Cloud Desktops For Enterprise-Grade Security and DRaaS Solutions 

by Calvin on August 12, 2021

in Articles

Cloud desktops are virtual desktop machines created via resources on a cloud server. Unlike Virtual Desktop Infrastructure, which is hosted on a central server. Cloud desktops are server-hosted components from a third-party cloud provider. Depending on the configuration you need, various virtual machines can be created and accessed over the Internet. 

Cloud desktops or DaaS offer multiple benefits such as real-time scalability, uptime, low-cost ownership, security, and Disaster Recovery as a Service. However, if you are accessing your desktop on the cloud, how do you ensure infrastructure security?  

When compared with in-house infrastructure, security and disaster recovery of cloud desktops are feasible, flexible, and hassle-free. Let’s analyze how this infrastructure ensures enterprise-grade security and DRaaS in your organization.

How Cloud Desktops Ensure Enterprise-Grade Security and DRaaS

The security architecture of DaaS is two-fold: customer’s responsibility and CSP’s responsibility.  

As a business owner, user management and access control are your responsibility. With cloud desktops, you may get access control or identity management capabilities; managing these features is your task.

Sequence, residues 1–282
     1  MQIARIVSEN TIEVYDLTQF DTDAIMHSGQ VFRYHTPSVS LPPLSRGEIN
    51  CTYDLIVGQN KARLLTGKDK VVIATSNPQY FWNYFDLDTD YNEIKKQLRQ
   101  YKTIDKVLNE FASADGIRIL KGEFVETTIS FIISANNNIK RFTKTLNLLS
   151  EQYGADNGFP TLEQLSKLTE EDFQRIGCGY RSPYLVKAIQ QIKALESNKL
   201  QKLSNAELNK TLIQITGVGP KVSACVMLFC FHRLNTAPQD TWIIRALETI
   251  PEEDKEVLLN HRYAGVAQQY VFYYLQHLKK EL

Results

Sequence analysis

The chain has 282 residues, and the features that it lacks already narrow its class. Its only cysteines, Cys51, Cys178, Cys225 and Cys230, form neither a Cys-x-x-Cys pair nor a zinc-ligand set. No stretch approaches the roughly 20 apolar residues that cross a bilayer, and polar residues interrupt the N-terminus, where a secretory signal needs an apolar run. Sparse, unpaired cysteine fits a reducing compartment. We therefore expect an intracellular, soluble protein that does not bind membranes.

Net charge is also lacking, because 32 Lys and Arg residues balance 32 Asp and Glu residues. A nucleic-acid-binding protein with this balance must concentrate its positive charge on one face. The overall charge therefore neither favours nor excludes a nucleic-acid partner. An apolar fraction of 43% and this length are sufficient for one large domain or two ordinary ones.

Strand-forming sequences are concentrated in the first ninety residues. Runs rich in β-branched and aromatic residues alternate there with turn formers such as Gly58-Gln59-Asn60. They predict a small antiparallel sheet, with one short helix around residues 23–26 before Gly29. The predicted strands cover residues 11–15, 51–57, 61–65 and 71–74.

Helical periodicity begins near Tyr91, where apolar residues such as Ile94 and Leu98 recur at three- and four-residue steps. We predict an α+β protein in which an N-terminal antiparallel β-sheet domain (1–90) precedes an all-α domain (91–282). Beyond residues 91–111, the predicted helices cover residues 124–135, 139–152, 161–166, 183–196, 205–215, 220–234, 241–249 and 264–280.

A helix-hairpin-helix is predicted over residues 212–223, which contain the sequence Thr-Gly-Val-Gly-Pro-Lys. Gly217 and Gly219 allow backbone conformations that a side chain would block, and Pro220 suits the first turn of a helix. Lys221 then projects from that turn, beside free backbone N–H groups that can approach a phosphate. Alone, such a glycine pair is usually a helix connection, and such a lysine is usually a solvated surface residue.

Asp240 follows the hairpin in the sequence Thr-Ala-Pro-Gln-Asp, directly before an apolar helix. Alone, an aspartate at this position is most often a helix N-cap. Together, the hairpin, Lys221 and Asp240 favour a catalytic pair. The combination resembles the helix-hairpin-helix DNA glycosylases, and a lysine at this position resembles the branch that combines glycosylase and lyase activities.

The Cloud Service Provider is responsible for safeguarding the cloud infrastructure. This includes configuration of the physical server, patching, storage, disaster recovery, protection from data threats, and resource management.

Based on this, let’s evaluate how cloud desktops offer an advanced security infrastructure to businesses: 

1. Datacenters 

Cloud desktops are powered by a data center that has a redundant network and reliable power supply to support 99.99% uptime. These physical data centers are gated premises with restricted access and surveillance. CSPs regularly audit these data centers to ensure PCI, HIPAA, and SOC compliance standards.  

With physical data center security, your applications and data remain secure.

2. Servers

Various physical components ensure the security and efficiency of your cloud desktops—servers being a crucial part of this. Security of these servers is maintained using the latest hypervisor and advanced internal and external firewalls. 

Every user needs to pass multi-factor authentication (Read: External Firewalls) to access the desktop.   

For instance, to access your cloud desktop, you need to enter the login credentials and clear various stages of authentication. Only if the system can identify you, only then you can access your cloud desktop. If identification fails after a designated number of failed attempts, the account or cloud desktop of this user is locked or blocked for a while.  

Similarly, every user also needs to pass internal firewalls that decide the internal access hierarchy. Not every user should be allowed to access every file on the desktop. To maintain data privacy and discrepancy, internal firewalls help in setting up access control between employees. 

Server redundancy is another important factor in server security. The CSP utilizes multiple servers in different locations. Every server has the same copy of your data and applications. This means that your desktops are virtually hosted on multiple isolated servers. If one server fails to offer you access or you cannot connect to one, another responds, and your business gets unhindered access.